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in Gen. xiv.— Their confirmation by recently discovered Babylonian
and Assyrian inscriptions.-Ur of the Chaldees identified with
Mugheir on the Euphrates.- Remains of its idolatrous temple and
palace.-Rank polytheism of the country.—Terah's removal to
Kharran.—Abraham's visit to Damascus.—The first promise.—The
second and subsequent promises. - The covenant.-Three main
features of the programme. -Abraham to be the father of many
nations, and especially of one. - The future of Ishmael's descendants.

All nations to be blessed through Abraham's seed.—Brief review of

Jewish history.–Marked tendency to rapid multiplication.—No

natural genius for monotheism.-Identification of Ishmaelitish races.

Marvellous and long-continued independence of the Arabs.- Sara-

cenic conquests.-All the monotheism in the world traceable to

Abraham.—Contrast between the Monotheistic (or Abrahamic)

and the Polytheistic nations in the 19th century.-Challenge to the

infidel

. pp. 115–165.

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David a prophet.-His distinctly prophetic writings.-A royal programme
govern an eternal kingdom. 2. The dominion of David's illus-
trious descendant was not to be Jewish merely, but universal. 3. The
great King of David's line would be Divine, as well as human, in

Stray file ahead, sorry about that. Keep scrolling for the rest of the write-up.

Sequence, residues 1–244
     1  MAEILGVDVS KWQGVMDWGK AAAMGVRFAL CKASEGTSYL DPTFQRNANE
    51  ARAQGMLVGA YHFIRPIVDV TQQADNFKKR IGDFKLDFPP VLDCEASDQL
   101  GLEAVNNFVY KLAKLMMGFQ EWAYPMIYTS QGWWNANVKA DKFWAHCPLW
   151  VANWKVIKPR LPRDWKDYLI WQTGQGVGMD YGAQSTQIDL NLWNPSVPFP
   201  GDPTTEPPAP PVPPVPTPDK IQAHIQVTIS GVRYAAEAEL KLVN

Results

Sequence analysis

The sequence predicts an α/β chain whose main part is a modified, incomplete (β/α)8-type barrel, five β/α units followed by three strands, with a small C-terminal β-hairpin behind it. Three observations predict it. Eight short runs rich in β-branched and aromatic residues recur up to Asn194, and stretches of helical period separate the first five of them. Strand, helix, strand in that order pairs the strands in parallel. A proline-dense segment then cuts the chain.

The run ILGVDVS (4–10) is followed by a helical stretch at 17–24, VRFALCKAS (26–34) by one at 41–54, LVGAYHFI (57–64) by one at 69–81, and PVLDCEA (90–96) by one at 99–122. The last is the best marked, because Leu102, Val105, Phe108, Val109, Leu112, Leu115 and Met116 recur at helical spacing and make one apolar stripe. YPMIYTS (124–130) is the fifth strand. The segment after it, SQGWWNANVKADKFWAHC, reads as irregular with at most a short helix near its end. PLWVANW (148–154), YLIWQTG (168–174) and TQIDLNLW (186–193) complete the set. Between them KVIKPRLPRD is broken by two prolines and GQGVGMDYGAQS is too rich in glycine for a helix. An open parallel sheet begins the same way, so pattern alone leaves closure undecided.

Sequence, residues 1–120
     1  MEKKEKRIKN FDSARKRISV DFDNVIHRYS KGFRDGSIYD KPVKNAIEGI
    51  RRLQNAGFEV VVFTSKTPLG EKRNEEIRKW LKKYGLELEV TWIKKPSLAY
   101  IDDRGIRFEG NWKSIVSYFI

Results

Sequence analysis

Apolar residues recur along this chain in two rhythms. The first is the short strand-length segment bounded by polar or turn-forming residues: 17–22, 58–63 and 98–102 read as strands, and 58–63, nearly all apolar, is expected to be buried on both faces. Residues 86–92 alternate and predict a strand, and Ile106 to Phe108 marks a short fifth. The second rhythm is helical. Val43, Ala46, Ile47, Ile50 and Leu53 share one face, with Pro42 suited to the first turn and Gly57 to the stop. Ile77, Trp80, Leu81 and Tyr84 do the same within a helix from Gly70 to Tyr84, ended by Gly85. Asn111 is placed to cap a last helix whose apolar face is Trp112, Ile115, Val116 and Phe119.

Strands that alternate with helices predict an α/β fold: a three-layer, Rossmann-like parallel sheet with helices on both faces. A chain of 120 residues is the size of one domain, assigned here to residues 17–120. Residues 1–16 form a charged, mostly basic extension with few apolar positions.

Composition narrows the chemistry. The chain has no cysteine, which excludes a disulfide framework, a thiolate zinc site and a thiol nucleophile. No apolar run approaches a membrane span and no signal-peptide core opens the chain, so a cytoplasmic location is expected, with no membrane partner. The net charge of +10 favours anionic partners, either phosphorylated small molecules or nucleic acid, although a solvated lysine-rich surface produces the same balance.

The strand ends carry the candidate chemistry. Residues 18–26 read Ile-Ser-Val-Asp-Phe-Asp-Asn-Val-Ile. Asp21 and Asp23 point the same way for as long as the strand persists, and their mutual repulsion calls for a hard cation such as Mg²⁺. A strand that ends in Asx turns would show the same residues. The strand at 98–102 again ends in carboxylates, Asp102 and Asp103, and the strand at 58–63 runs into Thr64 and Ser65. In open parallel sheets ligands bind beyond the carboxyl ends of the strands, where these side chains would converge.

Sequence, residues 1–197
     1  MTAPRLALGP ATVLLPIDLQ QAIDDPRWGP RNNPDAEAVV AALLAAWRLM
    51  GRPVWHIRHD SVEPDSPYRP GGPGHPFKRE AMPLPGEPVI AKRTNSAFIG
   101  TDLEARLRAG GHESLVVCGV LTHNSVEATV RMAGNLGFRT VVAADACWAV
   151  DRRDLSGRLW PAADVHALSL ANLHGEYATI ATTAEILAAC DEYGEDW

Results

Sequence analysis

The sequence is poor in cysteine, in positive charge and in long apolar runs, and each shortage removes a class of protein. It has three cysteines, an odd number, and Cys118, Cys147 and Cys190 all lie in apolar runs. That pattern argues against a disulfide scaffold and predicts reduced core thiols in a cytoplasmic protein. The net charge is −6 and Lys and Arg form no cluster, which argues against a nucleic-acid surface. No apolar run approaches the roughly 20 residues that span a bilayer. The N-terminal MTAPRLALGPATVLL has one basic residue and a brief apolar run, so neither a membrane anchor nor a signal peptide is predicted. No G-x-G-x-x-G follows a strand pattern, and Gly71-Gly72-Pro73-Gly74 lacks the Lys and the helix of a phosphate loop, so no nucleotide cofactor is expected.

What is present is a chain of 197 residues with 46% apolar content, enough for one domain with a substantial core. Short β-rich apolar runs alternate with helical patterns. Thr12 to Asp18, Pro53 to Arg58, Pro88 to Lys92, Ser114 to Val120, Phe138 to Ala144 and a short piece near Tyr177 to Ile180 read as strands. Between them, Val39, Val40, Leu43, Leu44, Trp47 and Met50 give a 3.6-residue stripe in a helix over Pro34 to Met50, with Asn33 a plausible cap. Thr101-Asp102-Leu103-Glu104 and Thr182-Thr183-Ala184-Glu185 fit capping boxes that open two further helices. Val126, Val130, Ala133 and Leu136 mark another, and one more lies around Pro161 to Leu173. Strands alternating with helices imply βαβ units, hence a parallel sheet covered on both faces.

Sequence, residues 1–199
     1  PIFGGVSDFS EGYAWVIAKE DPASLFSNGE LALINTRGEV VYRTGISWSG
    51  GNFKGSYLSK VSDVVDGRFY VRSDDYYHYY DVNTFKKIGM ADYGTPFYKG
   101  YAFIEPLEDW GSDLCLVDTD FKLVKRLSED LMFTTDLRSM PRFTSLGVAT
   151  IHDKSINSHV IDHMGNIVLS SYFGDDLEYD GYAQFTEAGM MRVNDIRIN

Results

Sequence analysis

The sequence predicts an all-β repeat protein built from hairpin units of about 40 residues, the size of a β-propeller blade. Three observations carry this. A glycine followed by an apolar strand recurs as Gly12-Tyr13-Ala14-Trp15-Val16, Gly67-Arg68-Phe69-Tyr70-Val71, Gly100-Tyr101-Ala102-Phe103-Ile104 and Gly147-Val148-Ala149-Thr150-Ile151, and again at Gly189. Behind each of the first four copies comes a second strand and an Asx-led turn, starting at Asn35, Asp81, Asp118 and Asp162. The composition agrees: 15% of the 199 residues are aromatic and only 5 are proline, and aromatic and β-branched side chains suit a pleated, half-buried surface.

nature. 4. This anointed and superhuman Ruler would, before His
exaltation, undergo a preliminary experience of rejection and suffer-
ing, of death and resurrection. 5. That in the interval prior to His
ascent of His earthly throne, the Son of David would be called to
occupy a heavenly throne, and to rule in the midst of His enemies
from the right hand of God in heaven. 6. That the coming king
was to exercise a priestly, as well as a kingly, sway. 7. The earthly
kingdom of David's son would be introduced by His return in glory
from heaven to earth, and by the execution of terrible judgments on
His foes.—Outline of the history which has fulfilled this programme
to a certain point.—The unfulfilled remainder.-Davidic outline as a
whole met by Christianity, and by it alone.- Historic evidence of the
truth of the gospel narrative which has fulfilled it.—Evidential force
of accomplishments on such a scale .

and a kingly author.-Character of David.—Contemporary con-
dition of surrounding nations. The points of the Davidic pro-
gramme : 1. David's seed was to be enthroned for ever, and to

pp. 225-267.

CHAPTER VI.

THE DANIEL PROGRAMME.
Intermediate group of prophets, and their Jewish, Gentile, and Messianic

predictions.-Sketch of the interval from David to Daniel.—The
Captivity crisis.-Condition of nations. -Gentile magnificence on the
Euphrates.- Babylon and its builder.- Remains and inscriptions of
Nebuchadnezzar.-Character of Daniel.— His section of the Divine
programme gives-(1) an outline of the history of the Gentile world
for twenty-five centuries.-Double prediction of four great empires,
to be followed by the kingdom of God.—Angelic interpretation of
essential symbols.- Babylonian conquests.--Medo-Persian empire.